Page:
In the twisting, crowded lanes of Sitaram Bazaar in Delhi, kulfi ice cream made from milk boiled down to a creamy thickness has been produced the same way for more than a century. At Kuremal's, the milk still comes from a handful of villages in the nearby state of Haryana, and it's still cooked in massive vats on the tiny original premises. Some of the kulfi is sold in the traditional matka, a clay pot meant to be tossed back to the earth after it's emptied. That's how Kuremal's serves its kesar-pista kulfi nuggets of pistachio in a golden saffron cream. The list of 60 or so flavors is constantly changing, from pomegranate and mango to imli (tamarind) and paan, which captures the zest of the ubiquitous betel-nut digestif without the red stains, chewing or spitting. The true measure of any kulfi maker, however, is its plain old malai kulfi. Kuremal's does not disappoint. Its snowy-white richness brings out the taste of the cream itself, with one subtle embellishment the faintest hint of flowers, from a touch of kewra essence. It's a classic, sure to last at least another century.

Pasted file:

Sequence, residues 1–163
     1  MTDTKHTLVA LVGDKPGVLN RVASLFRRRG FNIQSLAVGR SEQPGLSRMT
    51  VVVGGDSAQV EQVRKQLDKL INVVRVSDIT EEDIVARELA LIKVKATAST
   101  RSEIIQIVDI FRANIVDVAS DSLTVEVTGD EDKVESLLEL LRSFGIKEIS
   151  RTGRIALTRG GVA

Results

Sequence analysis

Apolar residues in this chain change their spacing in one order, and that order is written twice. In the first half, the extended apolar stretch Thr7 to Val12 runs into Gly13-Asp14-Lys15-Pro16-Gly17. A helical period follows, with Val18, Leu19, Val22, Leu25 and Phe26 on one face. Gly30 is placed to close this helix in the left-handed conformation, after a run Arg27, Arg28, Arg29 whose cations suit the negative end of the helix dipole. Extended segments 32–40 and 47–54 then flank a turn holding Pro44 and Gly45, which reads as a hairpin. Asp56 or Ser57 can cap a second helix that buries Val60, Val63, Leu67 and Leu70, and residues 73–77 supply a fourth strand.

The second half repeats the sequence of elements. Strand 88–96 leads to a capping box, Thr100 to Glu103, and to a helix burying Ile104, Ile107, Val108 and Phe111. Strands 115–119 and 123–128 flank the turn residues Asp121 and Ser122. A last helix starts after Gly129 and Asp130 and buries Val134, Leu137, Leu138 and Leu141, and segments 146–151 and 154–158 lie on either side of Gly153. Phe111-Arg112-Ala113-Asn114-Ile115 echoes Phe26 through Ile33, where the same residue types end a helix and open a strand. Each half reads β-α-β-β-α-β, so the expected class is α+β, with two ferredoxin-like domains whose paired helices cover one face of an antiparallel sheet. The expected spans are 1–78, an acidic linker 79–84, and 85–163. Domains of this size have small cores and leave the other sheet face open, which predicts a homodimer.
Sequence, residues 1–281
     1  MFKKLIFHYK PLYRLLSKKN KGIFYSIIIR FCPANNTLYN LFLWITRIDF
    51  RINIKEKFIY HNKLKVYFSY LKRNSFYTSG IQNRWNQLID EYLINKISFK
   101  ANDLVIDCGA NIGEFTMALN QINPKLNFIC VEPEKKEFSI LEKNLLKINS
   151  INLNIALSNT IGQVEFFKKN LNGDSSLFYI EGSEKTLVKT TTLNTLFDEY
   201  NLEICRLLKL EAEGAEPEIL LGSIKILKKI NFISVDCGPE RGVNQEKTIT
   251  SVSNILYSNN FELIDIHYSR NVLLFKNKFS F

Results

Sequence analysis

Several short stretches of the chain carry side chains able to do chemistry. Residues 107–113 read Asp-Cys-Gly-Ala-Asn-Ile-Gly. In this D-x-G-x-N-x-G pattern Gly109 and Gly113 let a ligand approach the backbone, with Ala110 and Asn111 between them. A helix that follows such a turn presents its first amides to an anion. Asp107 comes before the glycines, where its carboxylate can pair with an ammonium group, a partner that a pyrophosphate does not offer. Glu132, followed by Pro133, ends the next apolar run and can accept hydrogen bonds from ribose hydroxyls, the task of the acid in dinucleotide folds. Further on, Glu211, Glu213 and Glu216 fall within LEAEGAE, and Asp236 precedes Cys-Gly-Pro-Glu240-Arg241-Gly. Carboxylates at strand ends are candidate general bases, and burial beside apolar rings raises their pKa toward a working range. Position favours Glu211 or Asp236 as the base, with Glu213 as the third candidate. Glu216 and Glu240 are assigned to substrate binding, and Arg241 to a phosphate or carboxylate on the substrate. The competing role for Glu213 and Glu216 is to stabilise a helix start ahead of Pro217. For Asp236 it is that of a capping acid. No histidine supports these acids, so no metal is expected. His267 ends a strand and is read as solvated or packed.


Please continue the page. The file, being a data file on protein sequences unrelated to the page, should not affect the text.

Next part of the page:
By Jyoti Thottam